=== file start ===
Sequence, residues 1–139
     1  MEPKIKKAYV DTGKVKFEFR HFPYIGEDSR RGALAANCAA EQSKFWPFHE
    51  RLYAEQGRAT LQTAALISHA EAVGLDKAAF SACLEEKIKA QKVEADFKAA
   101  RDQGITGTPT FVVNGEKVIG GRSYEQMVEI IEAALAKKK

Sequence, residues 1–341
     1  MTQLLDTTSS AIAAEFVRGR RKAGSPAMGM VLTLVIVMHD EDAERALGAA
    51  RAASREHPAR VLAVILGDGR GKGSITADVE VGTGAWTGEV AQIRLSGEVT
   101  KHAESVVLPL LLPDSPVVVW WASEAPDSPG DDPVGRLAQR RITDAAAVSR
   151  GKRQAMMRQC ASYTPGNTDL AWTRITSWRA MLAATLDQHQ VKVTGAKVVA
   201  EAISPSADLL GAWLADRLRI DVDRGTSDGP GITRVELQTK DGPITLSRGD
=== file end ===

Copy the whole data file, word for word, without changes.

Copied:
Sequence, residues 1–139
     1  MEPKIKKAYV DTGKVKFEFR HFPYIGEDSR RGALAANCAA EQSKFWPFHE
    51  RLYAEQGRAT LQTAALISHA EAVGLDKAAF SACLEEKIKA QKVEADFKAA
   101  RDQGITGTPT FVVNGEKVIG GRSYEQMVEI IEAALAKKK

Sequence, residues 1–341
     1  MTQLLDTTSS AIAAEFVRGR RKAGSPAMGM VLTLVIVMHD EDAERALGAA
    51  RAASREHPAR VLAVILGDGR GKGSITADVE VGTGAWTGEV AQIRLSGEVT
   101  KHAESVVLPL LLPDSPVVVW WASEAPDSPG DDPVGRLAQR RITDAAAVSR
   151  GKRQAMMRQC ASYTPGNTDL AWTRITSWRA MLAATLDQHQ VKVTGAKVVA
   201  EAISPSADLL GAWLADRLRI DVDRGTSDGP GITRVELQTK DGPITLSRGD